A considerable number of birds such as Siberian Thrush, White-throated Sparrow and Black-throated Green Warbler, migrate to this habitat to take advantage of the long summer days and abundance of insects found around the numerous bogs and lakes. Of the perhaps 300 species of birds that summer in the taiga, only 30 stay for the winter.[9] These are either carrion-feeding or large raptors that can take live mammal prey, including Golden Eagle, Rough-legged Buzzard, and Raven, or else seed-eating birds, including several species of grouse and crossbills. For other uses, see Bird (disambiguation). ... Binomial name Zoothera sibirica (Pallas, 1776) The Siberian Thrush, Zoothera sibirica, is a member of the Thrush family Turdidae. ... Binomial name Zonotrichia albicollis (Gmelin, 1789) The White-throated Sparrow, Zonotrichia albicollis, is a passerine bird of the American sparrow family Emberizidae. ... Binomial name Dendroica virens (Gmelin,, 1789) The Black-throated Green Warbler, Dendroica virens, is a small songbird of the New World warbler family. ... Flock of Barnacle Geese during autumn migration Bird migration refers to the regular seasonal journeys undertaken by many species of birds. ... Habitat (which is Latin for it inhabits) is the place where a particular species live and grow. ... Orders Subclass Apterygota Archaeognatha (bristletails) Thysanura (silverfish) Subclass Pterygota Infraclass Paleoptera (Probably paraphyletic) Ephemeroptera (mayflies) Odonata (dragonflies and damselflies) Infraclass Neoptera Superorder Exopterygota Grylloblattodea (ice-crawlers) Mantophasmatodea (gladiators) Plecoptera (stoneflies) Embioptera (webspinners) Zoraptera (angel insects) Dermaptera (earwigs) Orthoptera (grasshoppers, etc) Phasmatodea (stick insects) Blattodea (cockroaches) Isoptera (termites) Mantodea (mantids) Psocoptera... An American Black Vulture feeding on squirrel carrion For other uses, see Carrion (disambiguation). ... Orders Accipitriformes     Cathartidae     Pandionidae     Accipitridae     Sagittariidae Falconiformes     Falconidae A bird of prey or raptor is a bird that hunts its food, especially one that preys on mammals or other birds. ... For other uses, see Golden Eagle (disambiguation). ... Binomial name Buteo lagopus (Pontoppidan, 1763) The Rough-legged Buzzard (Buteo lagopus), called the Rough-legged Hawk in North America, is a medium-large bird of prey. ... For other uses, see Raven (disambiguation). ... Genera Tetrao Lagopus Falcipennis Centrocercus Bonasa Dendrapagus Tympanuchus Grouse are from the order Galliformes which inhabit temperate and subarctic regions of the northern hemisphere. ... Species Loxia pytyopsittacus Loxia scotia Loxia curvirostra Loxia leucoptera Loxia megaplaga The crossbills are birds in the finch family Fringillidae. ...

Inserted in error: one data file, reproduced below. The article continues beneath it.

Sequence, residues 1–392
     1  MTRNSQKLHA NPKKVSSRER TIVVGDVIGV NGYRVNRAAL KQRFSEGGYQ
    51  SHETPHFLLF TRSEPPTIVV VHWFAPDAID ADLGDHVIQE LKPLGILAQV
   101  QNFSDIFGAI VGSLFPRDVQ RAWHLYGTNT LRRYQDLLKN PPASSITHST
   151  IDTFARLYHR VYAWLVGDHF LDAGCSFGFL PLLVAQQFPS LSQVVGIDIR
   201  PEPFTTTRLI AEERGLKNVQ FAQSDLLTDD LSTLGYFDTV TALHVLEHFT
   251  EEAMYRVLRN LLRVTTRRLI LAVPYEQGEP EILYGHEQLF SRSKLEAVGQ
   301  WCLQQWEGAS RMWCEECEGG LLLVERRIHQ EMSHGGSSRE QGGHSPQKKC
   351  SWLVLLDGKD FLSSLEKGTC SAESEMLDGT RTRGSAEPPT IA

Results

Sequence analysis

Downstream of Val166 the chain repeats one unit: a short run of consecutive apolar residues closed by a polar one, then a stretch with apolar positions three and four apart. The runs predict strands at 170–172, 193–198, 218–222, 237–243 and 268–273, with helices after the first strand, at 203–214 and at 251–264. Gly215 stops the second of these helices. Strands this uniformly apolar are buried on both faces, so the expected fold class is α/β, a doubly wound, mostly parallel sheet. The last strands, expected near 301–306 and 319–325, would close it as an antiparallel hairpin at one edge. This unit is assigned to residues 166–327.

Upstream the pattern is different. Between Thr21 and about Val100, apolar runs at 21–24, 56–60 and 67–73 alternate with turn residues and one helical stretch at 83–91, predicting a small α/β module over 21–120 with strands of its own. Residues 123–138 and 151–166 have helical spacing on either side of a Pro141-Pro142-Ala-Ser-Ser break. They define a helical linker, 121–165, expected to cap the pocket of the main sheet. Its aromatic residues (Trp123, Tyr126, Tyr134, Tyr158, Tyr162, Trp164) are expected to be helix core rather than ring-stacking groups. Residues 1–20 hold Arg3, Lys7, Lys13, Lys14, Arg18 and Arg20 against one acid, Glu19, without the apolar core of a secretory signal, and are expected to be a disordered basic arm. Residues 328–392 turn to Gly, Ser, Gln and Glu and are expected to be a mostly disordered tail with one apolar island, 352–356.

Threats

Human activities